It was only 2.5 years ago, after an exhaustive and exhausting five-year renovation and restoration, that television titan Shonda Rhimes wrote in Architectural Digest that her three young daughters “will grow up” and “become women” while living in the Los Angeles mansion she scooped up in early 2014 for $8.8 million from sitcom star Patricia Heaton. Indeed, she said loved the house.
Ms. Rhimes, who just inked a new five-year deal with Netflix — it’s reportedly valued at about $150 million with built-in bonuses that could push her haul into the $300 million-400 million range, has since developed other plans because the designer-done mansion, sitting on nearly 1.25-acres along on one of the most prestigious streets in the tony Hancock Park neighborhood, has come for sale with a price tag of $25 million. Should the “Private Practice,” “Scandal” and “Bridgerton” creator get anywhere near her sky-high asking price — and it this white-hot ultra-luxury market it just might, it will obliterate the current neighborhood record for the highest price ever paid for a single-family home set last year when Nickelodeon president Brian Robbins’ lavish spread traded in a covert off-market deal valued at $19 million.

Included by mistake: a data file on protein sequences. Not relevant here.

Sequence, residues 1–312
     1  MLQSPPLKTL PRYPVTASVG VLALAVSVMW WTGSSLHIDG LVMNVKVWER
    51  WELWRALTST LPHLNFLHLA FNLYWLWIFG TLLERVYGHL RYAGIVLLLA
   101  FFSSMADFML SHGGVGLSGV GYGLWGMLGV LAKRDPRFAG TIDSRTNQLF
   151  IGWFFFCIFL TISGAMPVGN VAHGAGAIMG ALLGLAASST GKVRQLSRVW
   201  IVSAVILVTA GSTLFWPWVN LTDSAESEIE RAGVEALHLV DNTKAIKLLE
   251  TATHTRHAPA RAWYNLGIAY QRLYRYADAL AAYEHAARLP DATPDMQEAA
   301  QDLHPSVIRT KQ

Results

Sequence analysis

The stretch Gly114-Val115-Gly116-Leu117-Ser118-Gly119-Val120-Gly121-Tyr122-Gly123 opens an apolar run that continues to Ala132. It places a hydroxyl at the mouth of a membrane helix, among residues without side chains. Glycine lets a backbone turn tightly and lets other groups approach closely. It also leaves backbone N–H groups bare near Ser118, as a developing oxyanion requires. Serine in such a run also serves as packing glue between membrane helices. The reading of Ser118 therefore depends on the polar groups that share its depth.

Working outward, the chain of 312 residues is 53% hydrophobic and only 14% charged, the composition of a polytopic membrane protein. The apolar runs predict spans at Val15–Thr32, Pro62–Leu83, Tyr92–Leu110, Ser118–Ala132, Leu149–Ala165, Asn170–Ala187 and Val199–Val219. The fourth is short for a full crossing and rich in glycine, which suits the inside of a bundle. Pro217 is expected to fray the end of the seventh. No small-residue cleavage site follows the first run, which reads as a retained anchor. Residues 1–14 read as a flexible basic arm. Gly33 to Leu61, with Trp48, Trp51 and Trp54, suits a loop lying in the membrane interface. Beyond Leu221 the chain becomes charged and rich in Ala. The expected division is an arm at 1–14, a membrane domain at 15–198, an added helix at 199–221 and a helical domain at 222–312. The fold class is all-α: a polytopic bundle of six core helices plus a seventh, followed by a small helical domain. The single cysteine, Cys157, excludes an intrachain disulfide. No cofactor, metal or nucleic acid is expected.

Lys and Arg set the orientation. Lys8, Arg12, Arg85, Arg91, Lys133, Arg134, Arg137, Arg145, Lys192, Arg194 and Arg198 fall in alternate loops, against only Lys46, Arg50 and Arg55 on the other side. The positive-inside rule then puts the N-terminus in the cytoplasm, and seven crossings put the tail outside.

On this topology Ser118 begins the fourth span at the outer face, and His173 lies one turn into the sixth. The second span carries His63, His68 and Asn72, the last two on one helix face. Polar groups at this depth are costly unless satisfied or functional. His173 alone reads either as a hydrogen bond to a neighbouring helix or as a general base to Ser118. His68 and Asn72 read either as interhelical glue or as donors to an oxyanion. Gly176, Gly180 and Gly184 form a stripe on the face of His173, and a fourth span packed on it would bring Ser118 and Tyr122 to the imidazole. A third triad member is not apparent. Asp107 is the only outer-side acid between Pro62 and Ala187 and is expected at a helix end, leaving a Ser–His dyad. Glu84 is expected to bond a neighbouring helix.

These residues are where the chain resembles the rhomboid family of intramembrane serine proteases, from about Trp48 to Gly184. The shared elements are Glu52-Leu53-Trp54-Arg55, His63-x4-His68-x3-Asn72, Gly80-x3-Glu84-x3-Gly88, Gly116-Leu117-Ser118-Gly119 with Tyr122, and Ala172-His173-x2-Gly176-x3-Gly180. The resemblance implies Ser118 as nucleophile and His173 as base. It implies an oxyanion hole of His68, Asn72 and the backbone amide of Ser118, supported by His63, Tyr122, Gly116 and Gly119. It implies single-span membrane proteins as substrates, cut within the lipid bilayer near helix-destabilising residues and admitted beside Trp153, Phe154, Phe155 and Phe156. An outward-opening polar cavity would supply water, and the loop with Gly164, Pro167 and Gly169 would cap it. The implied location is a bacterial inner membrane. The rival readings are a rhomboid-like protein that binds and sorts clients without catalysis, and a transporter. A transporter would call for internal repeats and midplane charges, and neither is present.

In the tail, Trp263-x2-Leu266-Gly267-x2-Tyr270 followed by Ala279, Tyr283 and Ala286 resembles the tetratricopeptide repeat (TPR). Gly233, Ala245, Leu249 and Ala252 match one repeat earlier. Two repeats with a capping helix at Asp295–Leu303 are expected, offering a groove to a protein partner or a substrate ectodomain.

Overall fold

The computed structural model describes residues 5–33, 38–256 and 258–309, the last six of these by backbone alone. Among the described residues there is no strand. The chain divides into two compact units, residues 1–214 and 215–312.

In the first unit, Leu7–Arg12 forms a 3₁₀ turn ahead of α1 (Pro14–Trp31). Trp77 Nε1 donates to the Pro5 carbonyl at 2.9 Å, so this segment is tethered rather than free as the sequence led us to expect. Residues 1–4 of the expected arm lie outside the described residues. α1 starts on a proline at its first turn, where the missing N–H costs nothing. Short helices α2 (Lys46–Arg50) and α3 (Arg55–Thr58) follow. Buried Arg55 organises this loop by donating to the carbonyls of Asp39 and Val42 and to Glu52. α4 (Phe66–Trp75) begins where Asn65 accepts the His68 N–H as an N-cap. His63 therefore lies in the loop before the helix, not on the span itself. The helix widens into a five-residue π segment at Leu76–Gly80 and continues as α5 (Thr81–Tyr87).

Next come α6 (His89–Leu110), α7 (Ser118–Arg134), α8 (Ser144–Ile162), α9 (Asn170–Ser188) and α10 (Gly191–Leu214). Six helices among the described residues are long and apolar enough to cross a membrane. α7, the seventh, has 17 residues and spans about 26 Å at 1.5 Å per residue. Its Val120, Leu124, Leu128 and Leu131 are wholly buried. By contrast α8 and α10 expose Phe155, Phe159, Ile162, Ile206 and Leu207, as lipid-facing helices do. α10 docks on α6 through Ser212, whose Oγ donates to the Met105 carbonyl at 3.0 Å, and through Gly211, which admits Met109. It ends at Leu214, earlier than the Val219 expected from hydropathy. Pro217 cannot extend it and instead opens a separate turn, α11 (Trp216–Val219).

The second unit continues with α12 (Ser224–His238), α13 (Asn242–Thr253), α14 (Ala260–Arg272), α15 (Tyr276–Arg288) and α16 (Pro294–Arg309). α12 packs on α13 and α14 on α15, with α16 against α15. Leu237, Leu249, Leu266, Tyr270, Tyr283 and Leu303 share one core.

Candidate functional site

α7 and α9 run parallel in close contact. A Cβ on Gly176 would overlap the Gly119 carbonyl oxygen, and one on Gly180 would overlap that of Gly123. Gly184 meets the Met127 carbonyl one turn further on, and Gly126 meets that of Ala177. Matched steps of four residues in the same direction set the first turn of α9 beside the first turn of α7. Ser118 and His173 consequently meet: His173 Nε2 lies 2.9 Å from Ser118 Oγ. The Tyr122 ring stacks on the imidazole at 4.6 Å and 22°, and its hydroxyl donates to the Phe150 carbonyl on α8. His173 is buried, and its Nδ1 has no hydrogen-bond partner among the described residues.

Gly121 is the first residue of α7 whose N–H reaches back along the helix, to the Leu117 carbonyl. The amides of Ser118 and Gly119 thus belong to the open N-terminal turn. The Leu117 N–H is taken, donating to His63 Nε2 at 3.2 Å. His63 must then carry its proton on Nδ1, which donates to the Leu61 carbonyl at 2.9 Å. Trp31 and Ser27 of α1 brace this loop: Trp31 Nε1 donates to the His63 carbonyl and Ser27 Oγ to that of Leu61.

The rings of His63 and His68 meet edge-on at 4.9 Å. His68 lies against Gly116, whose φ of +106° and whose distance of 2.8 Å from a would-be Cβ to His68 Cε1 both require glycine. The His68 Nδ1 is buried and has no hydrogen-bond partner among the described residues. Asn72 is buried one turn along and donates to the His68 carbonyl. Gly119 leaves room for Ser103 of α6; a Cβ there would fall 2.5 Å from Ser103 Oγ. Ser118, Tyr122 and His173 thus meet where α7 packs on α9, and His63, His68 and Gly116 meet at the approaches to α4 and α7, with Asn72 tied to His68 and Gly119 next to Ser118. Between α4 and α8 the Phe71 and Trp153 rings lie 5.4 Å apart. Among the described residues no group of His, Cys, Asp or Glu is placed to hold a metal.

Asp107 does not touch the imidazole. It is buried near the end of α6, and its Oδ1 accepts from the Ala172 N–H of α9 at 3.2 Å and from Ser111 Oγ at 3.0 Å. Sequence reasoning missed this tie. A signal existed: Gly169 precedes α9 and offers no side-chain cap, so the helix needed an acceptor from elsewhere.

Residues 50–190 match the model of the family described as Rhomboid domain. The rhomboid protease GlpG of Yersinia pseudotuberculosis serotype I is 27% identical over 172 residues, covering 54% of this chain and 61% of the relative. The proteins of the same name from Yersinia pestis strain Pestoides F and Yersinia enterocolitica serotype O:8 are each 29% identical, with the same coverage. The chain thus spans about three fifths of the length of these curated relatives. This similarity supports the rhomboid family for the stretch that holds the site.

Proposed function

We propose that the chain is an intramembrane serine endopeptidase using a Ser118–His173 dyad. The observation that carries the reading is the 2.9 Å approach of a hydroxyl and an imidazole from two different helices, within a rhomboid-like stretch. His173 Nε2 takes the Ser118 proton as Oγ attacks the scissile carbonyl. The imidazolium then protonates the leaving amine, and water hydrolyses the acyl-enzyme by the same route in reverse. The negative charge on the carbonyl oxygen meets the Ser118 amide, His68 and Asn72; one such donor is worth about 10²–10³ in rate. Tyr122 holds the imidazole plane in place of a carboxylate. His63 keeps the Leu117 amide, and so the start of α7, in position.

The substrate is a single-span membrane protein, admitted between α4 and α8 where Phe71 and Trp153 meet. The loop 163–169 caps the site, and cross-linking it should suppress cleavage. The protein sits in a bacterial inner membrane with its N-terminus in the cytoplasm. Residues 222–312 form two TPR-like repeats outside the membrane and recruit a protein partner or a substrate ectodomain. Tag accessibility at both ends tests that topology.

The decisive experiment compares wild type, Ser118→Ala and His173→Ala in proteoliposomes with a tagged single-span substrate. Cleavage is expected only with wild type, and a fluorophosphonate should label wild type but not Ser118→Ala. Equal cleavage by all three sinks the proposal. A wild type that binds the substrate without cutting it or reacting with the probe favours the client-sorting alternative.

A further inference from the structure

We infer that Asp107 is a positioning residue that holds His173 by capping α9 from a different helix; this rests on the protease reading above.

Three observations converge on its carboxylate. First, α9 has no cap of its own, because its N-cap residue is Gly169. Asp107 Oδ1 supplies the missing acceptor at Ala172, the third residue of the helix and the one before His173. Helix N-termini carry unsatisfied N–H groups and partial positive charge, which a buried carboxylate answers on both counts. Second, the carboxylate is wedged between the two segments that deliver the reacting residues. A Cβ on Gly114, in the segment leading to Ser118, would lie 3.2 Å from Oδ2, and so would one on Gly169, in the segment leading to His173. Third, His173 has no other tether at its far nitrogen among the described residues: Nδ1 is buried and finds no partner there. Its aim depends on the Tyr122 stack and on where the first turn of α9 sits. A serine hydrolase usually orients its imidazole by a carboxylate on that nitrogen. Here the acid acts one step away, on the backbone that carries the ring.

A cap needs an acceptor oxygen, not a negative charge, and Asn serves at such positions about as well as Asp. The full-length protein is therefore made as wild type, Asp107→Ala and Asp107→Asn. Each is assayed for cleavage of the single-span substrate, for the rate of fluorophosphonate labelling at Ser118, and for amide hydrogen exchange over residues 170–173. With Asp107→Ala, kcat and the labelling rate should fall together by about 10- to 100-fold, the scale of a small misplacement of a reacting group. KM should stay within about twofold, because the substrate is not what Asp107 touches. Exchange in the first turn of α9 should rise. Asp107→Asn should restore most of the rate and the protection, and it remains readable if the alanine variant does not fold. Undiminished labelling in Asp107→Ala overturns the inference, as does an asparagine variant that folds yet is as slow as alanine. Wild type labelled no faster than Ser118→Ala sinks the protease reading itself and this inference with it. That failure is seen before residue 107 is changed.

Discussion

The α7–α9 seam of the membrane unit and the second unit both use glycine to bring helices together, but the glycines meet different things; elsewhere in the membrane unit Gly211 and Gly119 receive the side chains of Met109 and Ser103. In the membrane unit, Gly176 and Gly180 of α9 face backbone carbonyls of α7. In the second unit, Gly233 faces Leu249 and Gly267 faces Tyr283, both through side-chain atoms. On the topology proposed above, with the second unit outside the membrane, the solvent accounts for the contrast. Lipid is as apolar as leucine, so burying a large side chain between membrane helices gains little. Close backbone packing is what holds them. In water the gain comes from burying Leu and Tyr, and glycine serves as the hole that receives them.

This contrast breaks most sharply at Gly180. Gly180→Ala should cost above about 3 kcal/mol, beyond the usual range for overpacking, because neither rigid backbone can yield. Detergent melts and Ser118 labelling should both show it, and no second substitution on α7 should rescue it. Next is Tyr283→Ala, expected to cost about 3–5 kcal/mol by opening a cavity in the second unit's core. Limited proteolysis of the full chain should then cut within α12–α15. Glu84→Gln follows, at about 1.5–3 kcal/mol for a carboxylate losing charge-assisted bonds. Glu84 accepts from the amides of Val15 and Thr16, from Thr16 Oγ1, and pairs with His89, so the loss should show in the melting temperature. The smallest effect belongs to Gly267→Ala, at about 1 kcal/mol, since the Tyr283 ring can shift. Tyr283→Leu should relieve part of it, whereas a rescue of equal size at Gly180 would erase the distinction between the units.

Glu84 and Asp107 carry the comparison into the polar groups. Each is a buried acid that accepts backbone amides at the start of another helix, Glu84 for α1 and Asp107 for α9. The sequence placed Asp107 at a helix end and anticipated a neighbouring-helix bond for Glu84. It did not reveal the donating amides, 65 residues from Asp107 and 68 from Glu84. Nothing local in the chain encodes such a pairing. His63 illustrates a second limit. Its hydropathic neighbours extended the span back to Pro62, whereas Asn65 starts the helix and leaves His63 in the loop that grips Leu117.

According to Rhimes in A.D., she didn’t even particularly like the 1923 Elmer Grey-designed mansion when she first looked at it. In fact, she called it “an ugly, wrong house” with a wonky “Santa Barbara mission façade” and a “distinctly Italian” backside. She bought it anyways. She soon engaged the services of architect Bill Baldwin, who discovered photos of the original exterior that revealed the front façade was originally, like the rear, designed by Grey as an elegant Italianate villa. With the necessary approvals of the Office of Historic Resources — the estate is in a Historic Preservation Zone, a Chicago stonemason was brought into re-create “every detail of the original front exterior.” The results are undeniably flawless.
White House decorator Michael S. Smith was tapped to do up the interiors in his signature style that Rhimes described as “classic California—if a little bit romantic.” Listings held by Ed Solorzano at Berkshire Hathaway HomeServices California show the nearly 12,000-square-foot estate offers a total of seven bedrooms and eight bathrooms, plus four powder rooms.
The effervescence of the bougainvillea that balloons over the estate’s low perimeter wall is in contrast to the foyer’s elegantly understated — and heated! — gray-and-white checkerboard marble floor. Like the stonework on the front of the house, the honeycomb coffered ceiling in the living room was painstakingly re-created from original photos of the house.
Several more gathering spaces on the main floor include…